It’s a matter of demographics, say the authors of an article in press in the Journal of Post-Acute and Long-Term Care Medicine. COVID-19 will disproportionately hit nursing homes and other long-term care facilities because the disease is particularly lethal to the elderly.
With that in mind, investigators with Brown University and the Veterans Administration are putting out an early call against the blame game.
Under a subtitle in the article that is, in fact, labeled, “The Blame Game,” they write: “In recent years, negative outcomes in nursing homes during disaster situations have led the media, public health officials, and politicians to find fault with nursing home providers.”
Investigators cite the case in which 4 nursing home workers were charged with criminal homicide in Florida during Hurricane Irma. Without commenting on the particulars of that case, the “historical reality is chilling” given that the epicenter of COVID-19 in the United States is the Life Care Center in Kirkland, Washington where 19 residents have died and at least 50 more are under observation. In addition, 47 of the center’s employees have tested positive for the novel coronavirus.
“Quite clearly, mortality within long-term care environments related to COVID-19 will be significantly higher than among the general population as a function of resident advanced age and comorbidity rather than substandard care,” the article states. “Some understanding of this fact will certainly be welcomed by the long-term care industry, who are often responsible for delivering difficult care under suboptimal circumstances.”
The fatality rate in China for those 70 to 79 is estimated at 8%, and for patients over 80, that shoots up to 14%. “Even as the overall case fatality rate drops, the risk of death among older adults may be 10-fold higher than for younger individuals,” the article states.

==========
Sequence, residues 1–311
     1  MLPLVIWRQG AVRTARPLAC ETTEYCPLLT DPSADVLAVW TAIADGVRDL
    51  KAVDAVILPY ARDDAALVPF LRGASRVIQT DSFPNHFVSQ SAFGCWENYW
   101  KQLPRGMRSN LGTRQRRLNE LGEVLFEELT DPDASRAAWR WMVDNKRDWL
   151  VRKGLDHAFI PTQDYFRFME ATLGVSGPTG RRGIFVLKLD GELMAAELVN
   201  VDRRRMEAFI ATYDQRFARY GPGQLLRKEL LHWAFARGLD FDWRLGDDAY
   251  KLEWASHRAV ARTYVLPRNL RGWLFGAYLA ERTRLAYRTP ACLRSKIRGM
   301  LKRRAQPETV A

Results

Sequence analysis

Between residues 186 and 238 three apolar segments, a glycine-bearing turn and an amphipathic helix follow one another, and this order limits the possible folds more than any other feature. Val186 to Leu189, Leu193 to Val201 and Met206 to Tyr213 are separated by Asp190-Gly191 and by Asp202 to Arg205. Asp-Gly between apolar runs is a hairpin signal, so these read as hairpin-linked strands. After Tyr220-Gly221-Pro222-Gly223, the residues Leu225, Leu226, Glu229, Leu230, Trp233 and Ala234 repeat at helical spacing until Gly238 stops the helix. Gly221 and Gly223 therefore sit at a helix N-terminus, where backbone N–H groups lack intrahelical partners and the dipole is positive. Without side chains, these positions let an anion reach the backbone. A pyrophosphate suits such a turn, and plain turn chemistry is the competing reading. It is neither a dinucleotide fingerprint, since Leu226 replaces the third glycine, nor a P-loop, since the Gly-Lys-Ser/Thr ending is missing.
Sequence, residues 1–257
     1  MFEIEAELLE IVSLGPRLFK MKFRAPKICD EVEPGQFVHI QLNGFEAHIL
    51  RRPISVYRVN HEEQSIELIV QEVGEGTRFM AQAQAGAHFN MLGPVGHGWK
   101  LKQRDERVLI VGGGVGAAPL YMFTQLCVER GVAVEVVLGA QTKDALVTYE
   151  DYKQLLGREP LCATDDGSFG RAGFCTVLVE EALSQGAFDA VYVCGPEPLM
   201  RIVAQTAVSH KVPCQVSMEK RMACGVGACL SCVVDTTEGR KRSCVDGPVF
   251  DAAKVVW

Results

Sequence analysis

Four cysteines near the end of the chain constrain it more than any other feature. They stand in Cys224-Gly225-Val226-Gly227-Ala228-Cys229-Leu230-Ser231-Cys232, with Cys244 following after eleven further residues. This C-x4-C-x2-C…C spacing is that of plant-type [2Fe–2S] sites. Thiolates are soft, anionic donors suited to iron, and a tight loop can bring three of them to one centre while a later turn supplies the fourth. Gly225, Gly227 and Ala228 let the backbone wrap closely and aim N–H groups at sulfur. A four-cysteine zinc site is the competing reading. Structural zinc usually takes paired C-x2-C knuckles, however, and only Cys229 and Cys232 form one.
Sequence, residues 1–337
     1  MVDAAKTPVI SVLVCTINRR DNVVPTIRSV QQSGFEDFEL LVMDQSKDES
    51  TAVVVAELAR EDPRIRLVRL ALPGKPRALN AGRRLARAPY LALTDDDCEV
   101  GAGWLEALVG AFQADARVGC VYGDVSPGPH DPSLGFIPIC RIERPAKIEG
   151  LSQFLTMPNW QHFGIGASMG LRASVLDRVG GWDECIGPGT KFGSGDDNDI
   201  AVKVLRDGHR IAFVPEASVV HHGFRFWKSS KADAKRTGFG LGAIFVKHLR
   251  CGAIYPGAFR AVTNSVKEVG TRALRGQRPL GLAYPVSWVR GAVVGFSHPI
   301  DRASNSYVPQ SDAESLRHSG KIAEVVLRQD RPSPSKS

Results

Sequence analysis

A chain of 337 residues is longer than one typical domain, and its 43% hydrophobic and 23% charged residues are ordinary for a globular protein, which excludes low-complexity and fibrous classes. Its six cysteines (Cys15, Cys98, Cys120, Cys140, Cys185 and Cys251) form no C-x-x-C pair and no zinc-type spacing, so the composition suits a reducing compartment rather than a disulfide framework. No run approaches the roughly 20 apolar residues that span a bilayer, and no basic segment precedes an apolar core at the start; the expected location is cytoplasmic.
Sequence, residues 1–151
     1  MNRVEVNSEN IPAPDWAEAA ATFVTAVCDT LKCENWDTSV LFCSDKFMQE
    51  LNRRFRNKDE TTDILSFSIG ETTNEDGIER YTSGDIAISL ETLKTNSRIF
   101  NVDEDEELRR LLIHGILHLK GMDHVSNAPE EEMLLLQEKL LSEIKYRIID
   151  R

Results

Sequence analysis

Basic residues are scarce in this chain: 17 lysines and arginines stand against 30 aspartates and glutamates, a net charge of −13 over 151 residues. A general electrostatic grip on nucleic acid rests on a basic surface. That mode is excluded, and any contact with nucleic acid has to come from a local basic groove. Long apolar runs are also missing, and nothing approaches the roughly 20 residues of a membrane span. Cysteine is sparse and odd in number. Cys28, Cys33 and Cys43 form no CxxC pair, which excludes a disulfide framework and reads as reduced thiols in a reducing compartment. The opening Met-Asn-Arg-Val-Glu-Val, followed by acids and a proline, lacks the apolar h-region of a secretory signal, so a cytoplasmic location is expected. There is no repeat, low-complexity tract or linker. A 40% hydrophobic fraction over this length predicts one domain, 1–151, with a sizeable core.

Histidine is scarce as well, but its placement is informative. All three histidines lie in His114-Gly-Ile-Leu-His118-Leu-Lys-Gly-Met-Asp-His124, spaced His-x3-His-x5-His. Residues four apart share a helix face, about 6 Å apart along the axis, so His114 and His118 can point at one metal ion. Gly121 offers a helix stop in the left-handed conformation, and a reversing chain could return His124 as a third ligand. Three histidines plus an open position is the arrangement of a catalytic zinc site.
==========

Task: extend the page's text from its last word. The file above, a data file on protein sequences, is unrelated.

Mortality rates also increase with the presence of heart or chronic respiratory disease, which are common in long-term care facilities. Rates of heart disease exceed 30% and, for chronic obstructive pulmonary disease, it exceeds 20% in long-term care facilities, say investigators.
“Further, extreme functional impairment within long-term care facilities makes close contact between health care workers and residents inevitable,” the article states. “Additionally, cognitive impairment among residents may make contact precautions and isolation a practical impossibility.”
Workers should wear gowns, gloves, facemask, and eye protection, but….
“This may be challenging in the nursing home environment, where supplies of these items may be limited and are prioritized for acute care hospitals,” the article states. “In long-term care settings, few of which have negative pressure (airborne isolation) rooms, simple measures like pulling room-dividing curtains and closing doors are helpful.”
Even the admonishment that workers with symptoms need to stay home can be problematic, as most of the workers live paycheck to paycheck and long-term care facilities are often understaffed. Workers are used to being pressured to work even when sick.
“Providing a work environment that allows healthcare workers to call out without repercussion will be critically important,” the study states.
Whether to admit someone who has been diagnosed with COVID-19 will be another concern. “Long-term care facilities are a key component of our healthcare system, and we can anticipate significant pressure to receive discharged hospitalized patients for convalescence or to accommodate sicker patients arriving from the community,” the article states. “We do not yet know how long individuals shed transmissible levels of virus, whether older individuals shed virus longer, nor whether cohorting confirmed cases can reduce risk of spread within a facility or contributes to disease severity among those cohorted.”